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Effectiveness of a multipurpose observation unit: before and after study
  1. P Iannone,
  2. T Lenzi
  1. Emergency Department, Ospedale Civile S.M. della Scaletta, Imola, Italy
  1. Dr P Iannone, Ospedale Civile S.M. della Scaletta, via Montericco 4, 40026 Imola, BO, Italy; primiann{at}


Background: The clinical efficacy of multipurpose observation units has not been assessed in comparative studies. A study was undertaken to analyse the effects of the adoption of clear criteria of admission, clinical pathways and time limits together with the strengthening of clinical supervision and dedicated staff on the performance of a short observation unit (SOU).

Methods: In the period from 1 January to 26 March 2007, the rates of SOU utilisation, length of observation, consumption of resources during observation (diagnostic tests and specialist consultations), rates of hospitalisation and adverse events were measured. Reattendances at the emergency department (ED) within 3 months of discharge were also analysed. Patients admitted to the SOU during the same period in 2006 acted as controls.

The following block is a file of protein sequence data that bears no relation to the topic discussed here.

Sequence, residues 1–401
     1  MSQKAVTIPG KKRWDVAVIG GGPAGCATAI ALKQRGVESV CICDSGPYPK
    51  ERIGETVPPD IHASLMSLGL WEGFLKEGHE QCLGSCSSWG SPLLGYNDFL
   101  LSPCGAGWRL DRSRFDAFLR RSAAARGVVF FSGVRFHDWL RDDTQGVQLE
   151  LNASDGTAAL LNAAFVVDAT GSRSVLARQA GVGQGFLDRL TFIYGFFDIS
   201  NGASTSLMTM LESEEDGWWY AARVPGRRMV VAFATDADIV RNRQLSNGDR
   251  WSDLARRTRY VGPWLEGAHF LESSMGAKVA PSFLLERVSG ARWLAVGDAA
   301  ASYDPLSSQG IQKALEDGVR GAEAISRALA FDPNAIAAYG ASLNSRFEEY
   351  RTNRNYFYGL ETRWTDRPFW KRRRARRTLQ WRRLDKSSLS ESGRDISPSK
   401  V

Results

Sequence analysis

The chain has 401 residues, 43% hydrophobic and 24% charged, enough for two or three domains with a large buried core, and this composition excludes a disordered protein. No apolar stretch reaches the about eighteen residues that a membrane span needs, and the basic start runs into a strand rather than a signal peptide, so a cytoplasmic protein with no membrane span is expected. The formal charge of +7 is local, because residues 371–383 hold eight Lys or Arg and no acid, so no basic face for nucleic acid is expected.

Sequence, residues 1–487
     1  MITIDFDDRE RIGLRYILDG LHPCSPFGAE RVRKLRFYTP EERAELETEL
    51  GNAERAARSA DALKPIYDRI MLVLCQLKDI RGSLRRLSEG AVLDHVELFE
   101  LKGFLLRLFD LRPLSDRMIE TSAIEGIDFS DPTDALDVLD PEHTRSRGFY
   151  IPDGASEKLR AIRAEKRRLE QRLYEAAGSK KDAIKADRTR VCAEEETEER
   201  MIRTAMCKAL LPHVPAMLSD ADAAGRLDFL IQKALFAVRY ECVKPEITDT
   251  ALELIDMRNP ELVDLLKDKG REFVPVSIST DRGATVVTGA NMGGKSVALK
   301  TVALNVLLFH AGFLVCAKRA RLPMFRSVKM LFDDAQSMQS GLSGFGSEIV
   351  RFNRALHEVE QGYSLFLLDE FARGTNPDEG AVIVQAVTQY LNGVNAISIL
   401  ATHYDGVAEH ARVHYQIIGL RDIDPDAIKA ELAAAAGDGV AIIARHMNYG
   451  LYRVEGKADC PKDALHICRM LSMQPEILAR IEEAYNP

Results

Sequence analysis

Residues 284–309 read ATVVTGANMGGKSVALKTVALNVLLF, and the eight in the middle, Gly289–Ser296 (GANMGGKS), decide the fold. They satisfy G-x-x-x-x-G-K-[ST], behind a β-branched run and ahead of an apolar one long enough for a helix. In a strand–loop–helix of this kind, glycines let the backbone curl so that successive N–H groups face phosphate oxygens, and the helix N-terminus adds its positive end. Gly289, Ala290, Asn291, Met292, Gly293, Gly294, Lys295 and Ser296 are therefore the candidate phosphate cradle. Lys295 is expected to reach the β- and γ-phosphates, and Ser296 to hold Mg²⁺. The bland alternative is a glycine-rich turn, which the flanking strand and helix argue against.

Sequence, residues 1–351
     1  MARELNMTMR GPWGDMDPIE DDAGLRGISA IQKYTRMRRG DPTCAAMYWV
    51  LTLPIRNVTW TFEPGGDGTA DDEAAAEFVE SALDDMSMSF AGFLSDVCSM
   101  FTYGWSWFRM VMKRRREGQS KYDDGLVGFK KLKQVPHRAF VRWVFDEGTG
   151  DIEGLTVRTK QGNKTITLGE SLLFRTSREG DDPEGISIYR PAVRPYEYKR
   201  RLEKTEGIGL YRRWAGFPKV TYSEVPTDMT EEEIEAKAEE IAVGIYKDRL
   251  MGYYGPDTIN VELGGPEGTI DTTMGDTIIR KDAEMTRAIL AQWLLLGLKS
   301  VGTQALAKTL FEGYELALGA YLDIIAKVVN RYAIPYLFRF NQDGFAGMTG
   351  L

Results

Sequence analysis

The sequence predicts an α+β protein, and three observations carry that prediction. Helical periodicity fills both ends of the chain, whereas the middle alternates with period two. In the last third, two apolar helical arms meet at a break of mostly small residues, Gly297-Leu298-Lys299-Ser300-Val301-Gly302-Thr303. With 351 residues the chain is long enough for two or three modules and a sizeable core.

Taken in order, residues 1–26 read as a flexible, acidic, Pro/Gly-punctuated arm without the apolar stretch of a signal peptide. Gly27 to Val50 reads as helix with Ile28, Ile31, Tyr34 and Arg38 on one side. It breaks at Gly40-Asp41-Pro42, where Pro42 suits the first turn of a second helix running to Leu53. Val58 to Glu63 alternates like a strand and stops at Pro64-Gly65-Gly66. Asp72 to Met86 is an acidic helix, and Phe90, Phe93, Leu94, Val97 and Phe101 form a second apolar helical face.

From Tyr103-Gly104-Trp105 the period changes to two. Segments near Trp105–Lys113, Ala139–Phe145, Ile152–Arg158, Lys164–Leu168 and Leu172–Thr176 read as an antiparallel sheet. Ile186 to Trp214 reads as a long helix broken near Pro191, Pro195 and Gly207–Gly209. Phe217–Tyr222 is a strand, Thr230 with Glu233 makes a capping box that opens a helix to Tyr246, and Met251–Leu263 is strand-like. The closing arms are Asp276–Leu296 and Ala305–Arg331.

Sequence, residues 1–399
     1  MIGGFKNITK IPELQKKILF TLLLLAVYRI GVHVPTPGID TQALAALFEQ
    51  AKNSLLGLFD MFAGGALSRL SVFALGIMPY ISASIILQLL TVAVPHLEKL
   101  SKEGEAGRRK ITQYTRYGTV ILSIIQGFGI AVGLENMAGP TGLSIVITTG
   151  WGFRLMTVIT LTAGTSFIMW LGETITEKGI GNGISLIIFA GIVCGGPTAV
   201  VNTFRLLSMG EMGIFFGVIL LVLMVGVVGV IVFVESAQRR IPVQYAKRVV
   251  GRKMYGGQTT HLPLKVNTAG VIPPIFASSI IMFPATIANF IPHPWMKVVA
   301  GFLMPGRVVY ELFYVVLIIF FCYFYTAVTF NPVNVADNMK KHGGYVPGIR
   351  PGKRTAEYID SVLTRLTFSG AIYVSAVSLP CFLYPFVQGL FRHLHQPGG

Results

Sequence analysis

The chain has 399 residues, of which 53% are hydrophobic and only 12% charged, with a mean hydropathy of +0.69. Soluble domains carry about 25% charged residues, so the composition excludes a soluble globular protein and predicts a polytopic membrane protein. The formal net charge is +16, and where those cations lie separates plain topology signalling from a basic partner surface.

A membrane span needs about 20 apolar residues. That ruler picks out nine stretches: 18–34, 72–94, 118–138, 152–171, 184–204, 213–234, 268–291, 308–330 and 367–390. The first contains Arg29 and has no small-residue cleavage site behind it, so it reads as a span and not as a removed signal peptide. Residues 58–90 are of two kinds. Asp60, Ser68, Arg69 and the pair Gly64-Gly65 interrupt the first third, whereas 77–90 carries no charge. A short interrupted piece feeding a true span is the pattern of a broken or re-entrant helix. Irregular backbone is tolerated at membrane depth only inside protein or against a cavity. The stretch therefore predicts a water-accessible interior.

Results: Compared with 2006, more patients were admitted to the SOU from the ED (8.8% vs 4.5%, p<0.01) where they had spent less time (mean (SD) 13.8 (11.6) h vs 23.0 (13.4) h, p<0.01). Despite the reduction in the length of stay, case mix standardised rates of hospitalisation were not significantly increased (28.9% vs 26.2%). Consultations and radiological investigations were reduced (32.4% vs 40.2%, p<0.05; and 34.1% vs 45.3%, p<0.01, respectively). Adverse events during the observation period or after hospitalisation were exceptionally rare. The short observation of intestinal obstruction, upper gastrointestinal bleeding without endoscopy, chronic obstructive pulmonary diseases, pneumonia or acute heart failure gave questionable benefits since they had high rates of hospitalisation. During the 3 months after discharge from the SOU, fewer patients returned to the ED (16.3% vs 27.2% for all causes, p<0.01; 9.3% vs 14.4% for related causes, p<0.05) and hospitalisation was necessary in fewer cases (1.7% vs 4.3% for all causes, p<0.05) while re-admissions to the SOU remained unchanged (8.7% vs 8.2%, p = NS).

Conclusion: Brief observation in the ED draws a clear benefit from proper organisation and the adoption of standardised clinical pathways.

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  • Competing interests: None.